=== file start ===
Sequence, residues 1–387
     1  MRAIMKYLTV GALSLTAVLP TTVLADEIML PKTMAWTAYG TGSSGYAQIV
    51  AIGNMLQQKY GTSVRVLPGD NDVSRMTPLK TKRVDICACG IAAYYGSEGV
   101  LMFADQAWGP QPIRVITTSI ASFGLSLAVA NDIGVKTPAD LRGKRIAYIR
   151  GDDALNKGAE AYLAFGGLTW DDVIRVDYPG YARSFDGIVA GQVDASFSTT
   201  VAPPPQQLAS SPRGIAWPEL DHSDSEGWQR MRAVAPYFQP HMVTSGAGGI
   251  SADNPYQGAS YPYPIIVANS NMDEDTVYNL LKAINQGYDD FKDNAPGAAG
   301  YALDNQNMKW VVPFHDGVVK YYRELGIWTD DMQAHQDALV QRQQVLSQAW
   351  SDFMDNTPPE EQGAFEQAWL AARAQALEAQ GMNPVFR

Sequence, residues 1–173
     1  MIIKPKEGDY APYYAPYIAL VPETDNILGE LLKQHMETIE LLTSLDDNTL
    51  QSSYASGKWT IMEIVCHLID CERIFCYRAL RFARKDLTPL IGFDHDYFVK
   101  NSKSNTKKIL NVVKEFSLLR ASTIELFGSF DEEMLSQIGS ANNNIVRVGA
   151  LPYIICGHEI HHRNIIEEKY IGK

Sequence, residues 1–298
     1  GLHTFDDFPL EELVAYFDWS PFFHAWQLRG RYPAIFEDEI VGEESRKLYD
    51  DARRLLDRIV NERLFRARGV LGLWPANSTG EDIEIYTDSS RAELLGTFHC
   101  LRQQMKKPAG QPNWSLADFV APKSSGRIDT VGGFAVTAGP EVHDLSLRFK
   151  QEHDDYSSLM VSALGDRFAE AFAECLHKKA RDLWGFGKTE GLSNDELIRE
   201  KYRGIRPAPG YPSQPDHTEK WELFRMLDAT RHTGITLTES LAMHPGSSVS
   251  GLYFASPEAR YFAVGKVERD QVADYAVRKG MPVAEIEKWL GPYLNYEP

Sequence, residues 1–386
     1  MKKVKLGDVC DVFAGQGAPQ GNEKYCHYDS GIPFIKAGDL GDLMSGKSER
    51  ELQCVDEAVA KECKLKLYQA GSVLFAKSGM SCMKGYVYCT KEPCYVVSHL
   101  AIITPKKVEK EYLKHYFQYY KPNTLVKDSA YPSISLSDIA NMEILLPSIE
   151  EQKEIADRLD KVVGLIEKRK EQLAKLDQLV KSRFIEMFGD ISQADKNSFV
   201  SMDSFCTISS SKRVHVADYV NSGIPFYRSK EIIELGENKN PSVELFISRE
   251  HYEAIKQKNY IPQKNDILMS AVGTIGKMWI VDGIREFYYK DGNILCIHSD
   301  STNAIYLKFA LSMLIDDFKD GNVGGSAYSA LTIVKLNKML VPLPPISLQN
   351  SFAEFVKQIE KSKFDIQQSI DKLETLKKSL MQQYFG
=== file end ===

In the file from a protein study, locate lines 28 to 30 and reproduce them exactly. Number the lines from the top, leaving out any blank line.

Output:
   251  HYEAIKQKNY IPQKNDILMS AVGTIGKMWI VDGIREFYYK DGNILCIHSD
   301  STNAIYLKFA LSMLIDDFKD GNVGGSAYSA LTIVKLNKML VPLPPISLQN
   351  SFAEFVKQIE KSKFDIQQSI DKLETLKKSL MQQYFG